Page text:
The Asian lady beetle

By T. Jewell Collins

There have been a fair number of Asian lady beetles sharing my Maine farmhouse of late. I find them clustered in the corners of south-facing windows.Although their correct name is Asian lady beetle, they’re also known as the multi-colored Asian ladybird beetle, the multi-colored Asian ladybug, and even Hallowe’en beetle.

I recently found three of (your choice of name) in the upper right hand corner of my kitchen window. Wondering if they might be thirsty, I dripped water from the end of my forefinger onto the pane of glass. One by one they left their cozy corner and proceeded to imbibe at the edges of the drops that were ready to run down the windowpane.

Later, this discovery was confirmed while I was dining at a local restaurant. A lady beetle flew onto the rim of my tall glass of iced water. Upon noticing this, my companion immediately said, “Oh, I’ll have the waitress bring you another glass.”

With a wave of my hand, I summarily dismissed her well-meant offer. “She’s just thirsty,” I replied, drawing on my previous observations. After she had inched her way down the straw and I had given her enough time to drink, I put the straw to my lips, drawing down the water level another quarter of an inch. She paused, and then eased downward another quarter of an inch, too!

I have been told that lady beetles can survive inside a house if they have water. However, I don’t think I’m going to put droplets of water in the corners of my windows to test this theory further. Imagine a house full of lady beetles each with its own filling station!

Upon returning home from the restaurant, I sought advice on the Internet for managing lady beetles in the home. I learned that they were introduced into New England some years ago to control aphids and other small insects. They are harmless and therefore should not be squashed or made to feel less than at home in the corners of my windows.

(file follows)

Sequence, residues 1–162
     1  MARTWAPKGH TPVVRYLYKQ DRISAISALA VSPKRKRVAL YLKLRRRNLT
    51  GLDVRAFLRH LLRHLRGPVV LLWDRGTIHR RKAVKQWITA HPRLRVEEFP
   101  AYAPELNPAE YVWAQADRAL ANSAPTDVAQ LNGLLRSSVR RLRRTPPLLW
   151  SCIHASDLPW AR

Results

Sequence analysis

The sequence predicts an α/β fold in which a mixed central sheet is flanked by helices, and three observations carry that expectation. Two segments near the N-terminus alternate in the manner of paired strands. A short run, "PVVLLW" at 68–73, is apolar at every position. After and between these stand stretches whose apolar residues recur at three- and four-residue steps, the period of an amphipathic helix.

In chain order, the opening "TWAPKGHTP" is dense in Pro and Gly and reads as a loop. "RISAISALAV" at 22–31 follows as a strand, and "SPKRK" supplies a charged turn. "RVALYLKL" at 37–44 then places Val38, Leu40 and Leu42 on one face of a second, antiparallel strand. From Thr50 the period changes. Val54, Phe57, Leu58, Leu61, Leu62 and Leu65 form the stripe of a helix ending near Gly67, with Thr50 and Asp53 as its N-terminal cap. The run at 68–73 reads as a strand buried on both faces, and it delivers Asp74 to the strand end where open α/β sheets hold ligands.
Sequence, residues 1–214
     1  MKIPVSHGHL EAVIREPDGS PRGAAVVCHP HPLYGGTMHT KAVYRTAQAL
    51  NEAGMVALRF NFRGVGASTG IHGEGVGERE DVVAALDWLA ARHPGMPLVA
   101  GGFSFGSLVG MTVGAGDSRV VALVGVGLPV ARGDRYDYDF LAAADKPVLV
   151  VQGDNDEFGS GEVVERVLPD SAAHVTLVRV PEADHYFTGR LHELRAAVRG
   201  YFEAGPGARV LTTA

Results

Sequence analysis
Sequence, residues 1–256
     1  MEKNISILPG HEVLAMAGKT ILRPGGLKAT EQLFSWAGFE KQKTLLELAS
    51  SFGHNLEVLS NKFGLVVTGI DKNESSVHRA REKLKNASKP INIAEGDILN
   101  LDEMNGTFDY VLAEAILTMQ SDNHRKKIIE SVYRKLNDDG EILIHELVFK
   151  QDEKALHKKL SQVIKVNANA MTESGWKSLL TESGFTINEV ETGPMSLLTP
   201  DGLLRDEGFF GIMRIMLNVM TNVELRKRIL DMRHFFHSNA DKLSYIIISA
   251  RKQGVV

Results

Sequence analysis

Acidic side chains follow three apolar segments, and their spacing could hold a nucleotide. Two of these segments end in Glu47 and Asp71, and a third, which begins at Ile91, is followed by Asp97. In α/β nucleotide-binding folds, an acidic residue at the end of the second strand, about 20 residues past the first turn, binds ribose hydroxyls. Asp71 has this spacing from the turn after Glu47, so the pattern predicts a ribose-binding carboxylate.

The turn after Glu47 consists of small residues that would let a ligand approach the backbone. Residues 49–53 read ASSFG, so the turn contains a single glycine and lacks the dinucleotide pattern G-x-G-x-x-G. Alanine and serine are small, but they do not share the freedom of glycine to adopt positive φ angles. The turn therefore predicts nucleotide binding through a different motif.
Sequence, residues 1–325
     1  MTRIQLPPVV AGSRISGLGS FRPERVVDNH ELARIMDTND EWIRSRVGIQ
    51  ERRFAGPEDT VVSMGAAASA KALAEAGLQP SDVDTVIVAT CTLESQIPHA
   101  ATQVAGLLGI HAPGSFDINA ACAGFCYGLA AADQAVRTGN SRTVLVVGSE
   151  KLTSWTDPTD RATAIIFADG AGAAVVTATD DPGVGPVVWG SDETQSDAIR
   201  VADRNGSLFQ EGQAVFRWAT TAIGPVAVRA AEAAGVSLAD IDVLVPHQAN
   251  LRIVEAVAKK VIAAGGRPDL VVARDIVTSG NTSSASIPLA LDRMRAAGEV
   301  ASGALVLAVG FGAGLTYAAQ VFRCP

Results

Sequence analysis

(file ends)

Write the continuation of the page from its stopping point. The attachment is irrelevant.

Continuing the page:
However, when multiples of 30, or 40 or more, are discovered taking up residence in your home, you, as primary resident, are justified in sweeping them into a plastic bag and shaking them out in a wooded location several miles away. Would they have enough endurance to find another home to inhabit? Well, I guess so, since their native habitat is southeastern Asia, and they managed to find their way to my windows in Maine!

Counting and tabulating their black dots, ranging from none to 20, on their pumpkin-orange or mustard-yellow backs can be an interesting pastime. You might try lining up the lady beetles numerically, according to the number of dots on each one. Tweezers and a strip of flypaper are recommended for this exercise.

Despite differences in background color and number of spots, they share a distinguishing mark on the pronotum — that small section that separates the head from the abdomen. Our more familiar domestic ladybugs lack this feature.

The Asian lady beetles awaken out of hibernation when the temperature where they are hibernating reaches near 50 degrees F., usually in late winter, as the days get longer. Then they cluster in windows with a southern exposure and settle down to enjoy the warmth of the sun — and droplets of water provided by a sympathetic resident.

My research didn’t make reference to an Asian “gentleman” beetle, but according to my junior high science class, and what I have learned since then, there would have to be gentlemen beetles in order to propagate the species. The male “lady” beetle, has to swallow his pride and accept the entomological term “lady” beetle even if it injures his pride.

T. Jewell Collins is a resident of Harrison.

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